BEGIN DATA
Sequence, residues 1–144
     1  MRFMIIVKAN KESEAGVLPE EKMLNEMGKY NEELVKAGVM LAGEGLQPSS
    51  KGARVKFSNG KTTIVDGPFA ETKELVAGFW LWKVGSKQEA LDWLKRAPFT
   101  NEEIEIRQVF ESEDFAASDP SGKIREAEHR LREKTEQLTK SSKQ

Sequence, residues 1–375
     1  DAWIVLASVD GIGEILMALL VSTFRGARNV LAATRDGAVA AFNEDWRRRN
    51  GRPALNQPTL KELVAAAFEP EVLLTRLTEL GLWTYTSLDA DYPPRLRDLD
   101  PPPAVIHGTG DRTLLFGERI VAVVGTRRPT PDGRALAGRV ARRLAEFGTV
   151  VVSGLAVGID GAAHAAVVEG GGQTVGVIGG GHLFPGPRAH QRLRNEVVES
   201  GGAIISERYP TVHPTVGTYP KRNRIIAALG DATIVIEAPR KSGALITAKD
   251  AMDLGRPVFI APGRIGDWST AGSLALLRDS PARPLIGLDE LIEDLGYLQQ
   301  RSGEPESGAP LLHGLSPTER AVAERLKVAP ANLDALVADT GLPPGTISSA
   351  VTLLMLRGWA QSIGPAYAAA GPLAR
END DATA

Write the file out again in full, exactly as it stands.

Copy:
Sequence, residues 1–144
     1  MRFMIIVKAN KESEAGVLPE EKMLNEMGKY NEELVKAGVM LAGEGLQPSS
    51  KGARVKFSNG KTTIVDGPFA ETKELVAGFW LWKVGSKQEA LDWLKRAPFT
   101  NEEIEIRQVF ESEDFAASDP SGKIREAEHR LREKTEQLTK SSKQ

Sequence, residues 1–375
     1  DAWIVLASVD GIGEILMALL VSTFRGARNV LAATRDGAVA AFNEDWRRRN
    51  GRPALNQPTL KELVAAAFEP EVLLTRLTEL GLWTYTSLDA DYPPRLRDLD
   101  PPPAVIHGTG DRTLLFGERI VAVVGTRRPT PDGRALAGRV ARRLAEFGTV
   151  VVSGLAVGID GAAHAAVVEG GGQTVGVIGG GHLFPGPRAH QRLRNEVVES
   201  GGAIISERYP TVHPTVGTYP KRNRIIAALG DATIVIEAPR KSGALITAKD
   251  AMDLGRPVFI APGRIGDWST AGSLALLRDS PARPLIGLDE LIEDLGYLQQ
   301  RSGEPESGAP LLHGLSPTER AVAERLKVAP ANLDALVADT GLPPGTISSA
   351  VTLLMLRGWA QSIGPAYAAA GPLAR